Intrepid Travel calls the Inca Quarry Trail the other route to Machu Picchu. There are many kilometres of Inca trails — roughly 36,000km in total — but the Inca Trail which leads to the citadel of Machu Picchu is the most renowned. Despite the limited quantity of permits issued by the Peruvian government for the classic route, it’s still bustling with droves of travellers.
The Inca Quarry Trail is the one to choose when you want to go off-the-beaten-path to enjoy the solitude of being in the mountains. There were only a handful of tour groups and travellers during our time there. For the most part, it’s just you, your thoughts and open stretches of steep grassy plains leading towards views beyond comprehension. You still visit Machu Picchu at the end of it by taking a train from Ollantaytambo to Agua Calientes (a thermal bath town in the Urubamba River Valley), from where you can catch a bus to the ancient citadel.
In total, the Inca Quarry Trail is a four-day trip on which travellers get to thoroughly experience the highs and lows of trekking mountain trails in the Peruvian Andes. Along with the given: a deep dive into nature, watching the sunrise and camping below the stars, trekkers will also come across lesser-known ruins with a panoramic view of some of the most mind-blowing scenery in South America. In my case, this experience also included trying and failing to channel Jon Krakauer.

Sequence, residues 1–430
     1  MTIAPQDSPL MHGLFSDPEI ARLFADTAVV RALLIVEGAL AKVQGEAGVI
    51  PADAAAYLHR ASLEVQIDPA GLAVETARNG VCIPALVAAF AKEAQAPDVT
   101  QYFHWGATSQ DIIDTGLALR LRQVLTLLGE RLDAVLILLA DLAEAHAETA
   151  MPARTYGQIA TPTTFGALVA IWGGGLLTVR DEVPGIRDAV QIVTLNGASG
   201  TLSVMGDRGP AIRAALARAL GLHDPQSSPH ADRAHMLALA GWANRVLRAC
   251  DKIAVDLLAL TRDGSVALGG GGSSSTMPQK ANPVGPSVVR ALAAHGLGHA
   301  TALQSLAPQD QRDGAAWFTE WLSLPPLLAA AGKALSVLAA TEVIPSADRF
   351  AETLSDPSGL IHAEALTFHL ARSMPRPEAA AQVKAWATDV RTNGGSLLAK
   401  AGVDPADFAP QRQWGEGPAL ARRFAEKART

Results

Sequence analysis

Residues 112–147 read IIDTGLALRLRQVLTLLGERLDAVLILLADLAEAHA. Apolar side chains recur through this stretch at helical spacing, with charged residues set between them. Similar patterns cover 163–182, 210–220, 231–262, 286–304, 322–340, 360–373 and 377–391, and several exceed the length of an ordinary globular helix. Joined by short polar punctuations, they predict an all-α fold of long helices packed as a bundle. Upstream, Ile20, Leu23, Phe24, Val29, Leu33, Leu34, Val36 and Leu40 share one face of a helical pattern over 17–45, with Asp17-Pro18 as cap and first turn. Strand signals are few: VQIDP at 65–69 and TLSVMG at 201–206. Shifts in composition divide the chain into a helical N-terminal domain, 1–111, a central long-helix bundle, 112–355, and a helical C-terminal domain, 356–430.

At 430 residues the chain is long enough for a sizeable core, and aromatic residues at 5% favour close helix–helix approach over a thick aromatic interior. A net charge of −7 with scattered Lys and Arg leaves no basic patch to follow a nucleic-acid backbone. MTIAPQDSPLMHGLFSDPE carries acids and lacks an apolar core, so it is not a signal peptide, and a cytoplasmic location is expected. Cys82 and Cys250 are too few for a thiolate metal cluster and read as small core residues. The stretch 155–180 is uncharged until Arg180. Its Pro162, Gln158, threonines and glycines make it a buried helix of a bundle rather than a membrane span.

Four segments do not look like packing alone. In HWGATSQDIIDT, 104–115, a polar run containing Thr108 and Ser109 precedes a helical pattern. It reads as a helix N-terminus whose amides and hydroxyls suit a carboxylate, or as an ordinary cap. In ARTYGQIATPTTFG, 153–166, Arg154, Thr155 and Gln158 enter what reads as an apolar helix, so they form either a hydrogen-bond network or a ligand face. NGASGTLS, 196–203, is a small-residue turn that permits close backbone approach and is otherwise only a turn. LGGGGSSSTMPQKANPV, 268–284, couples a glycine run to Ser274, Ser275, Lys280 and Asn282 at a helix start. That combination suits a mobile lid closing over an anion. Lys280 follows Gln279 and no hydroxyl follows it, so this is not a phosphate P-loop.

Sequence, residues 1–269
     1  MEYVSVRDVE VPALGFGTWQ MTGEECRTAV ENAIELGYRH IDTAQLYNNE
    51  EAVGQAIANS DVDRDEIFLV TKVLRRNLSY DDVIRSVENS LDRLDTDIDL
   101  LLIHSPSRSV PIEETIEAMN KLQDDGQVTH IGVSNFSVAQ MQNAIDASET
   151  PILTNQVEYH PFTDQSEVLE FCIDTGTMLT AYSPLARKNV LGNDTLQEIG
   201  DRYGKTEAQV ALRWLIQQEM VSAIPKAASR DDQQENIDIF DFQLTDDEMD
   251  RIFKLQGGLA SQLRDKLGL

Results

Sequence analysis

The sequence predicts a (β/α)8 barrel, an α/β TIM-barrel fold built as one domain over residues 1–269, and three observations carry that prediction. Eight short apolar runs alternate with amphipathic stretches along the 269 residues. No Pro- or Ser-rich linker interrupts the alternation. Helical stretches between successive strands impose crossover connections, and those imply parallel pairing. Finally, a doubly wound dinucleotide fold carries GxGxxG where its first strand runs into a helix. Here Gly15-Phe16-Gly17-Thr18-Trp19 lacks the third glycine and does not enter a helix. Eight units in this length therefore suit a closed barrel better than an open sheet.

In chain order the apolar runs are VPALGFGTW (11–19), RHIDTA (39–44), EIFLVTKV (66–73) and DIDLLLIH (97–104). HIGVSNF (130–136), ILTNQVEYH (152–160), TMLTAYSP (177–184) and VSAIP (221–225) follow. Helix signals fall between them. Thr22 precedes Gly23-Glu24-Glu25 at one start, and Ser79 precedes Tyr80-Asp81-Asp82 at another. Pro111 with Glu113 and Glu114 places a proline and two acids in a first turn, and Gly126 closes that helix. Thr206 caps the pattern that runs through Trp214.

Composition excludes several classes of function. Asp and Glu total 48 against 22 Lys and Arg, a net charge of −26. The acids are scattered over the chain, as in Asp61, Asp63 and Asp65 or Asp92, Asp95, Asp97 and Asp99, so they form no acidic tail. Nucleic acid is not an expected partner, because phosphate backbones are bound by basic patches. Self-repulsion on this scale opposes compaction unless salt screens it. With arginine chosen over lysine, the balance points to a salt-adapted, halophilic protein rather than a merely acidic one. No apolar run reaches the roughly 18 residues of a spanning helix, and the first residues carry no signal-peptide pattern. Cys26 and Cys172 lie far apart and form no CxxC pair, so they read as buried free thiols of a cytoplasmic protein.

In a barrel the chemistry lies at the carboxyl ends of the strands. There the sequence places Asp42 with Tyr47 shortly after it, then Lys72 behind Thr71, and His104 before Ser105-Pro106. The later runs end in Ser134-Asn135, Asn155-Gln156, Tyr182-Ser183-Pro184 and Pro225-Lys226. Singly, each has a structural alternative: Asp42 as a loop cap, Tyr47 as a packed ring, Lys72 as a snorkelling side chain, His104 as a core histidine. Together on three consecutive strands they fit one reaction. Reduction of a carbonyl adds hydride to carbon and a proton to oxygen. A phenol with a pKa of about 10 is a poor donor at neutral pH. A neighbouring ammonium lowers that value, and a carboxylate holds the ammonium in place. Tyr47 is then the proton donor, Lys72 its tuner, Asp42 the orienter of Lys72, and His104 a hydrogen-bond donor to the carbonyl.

The 26-kilometre Inca Quarry Trail has countless highlights. The first of many is on day one, beginning with the Perolniyoc Waterfall, an aquatic cascade that cuts through a jagged red bluff. It flows from a crevice that looks as though the source lies deep within the heart of the cliff. After this, we continued to the Q’orimarca ruins – a checkpoint and place to pause during Incan times and now in the present day. The soft patches of grass are a welcome sight for burning legs. Quico tells us to rest for a while and checks in to see how we’re feeling after several hours of hiking at an incline. Thankfully our next stop is camp for the first night.
The following day, we were woken up with coca leaf tea or mate de coca. It’s considered an altitude remedy, one that’s made from the leaves of a plant native to South America, called the coca. Bleary-eyed we sipped on the hot elixir, and while oxygen, sleep and words don’t come easily here, living in the moment does. You can feel everything. The cold mountain air on your face, the length of your aching body, the endorphins coursing through your nervous system, the wild rhythm of your beating heart and the promise of thinking of nothing but putting one foot in front of the other.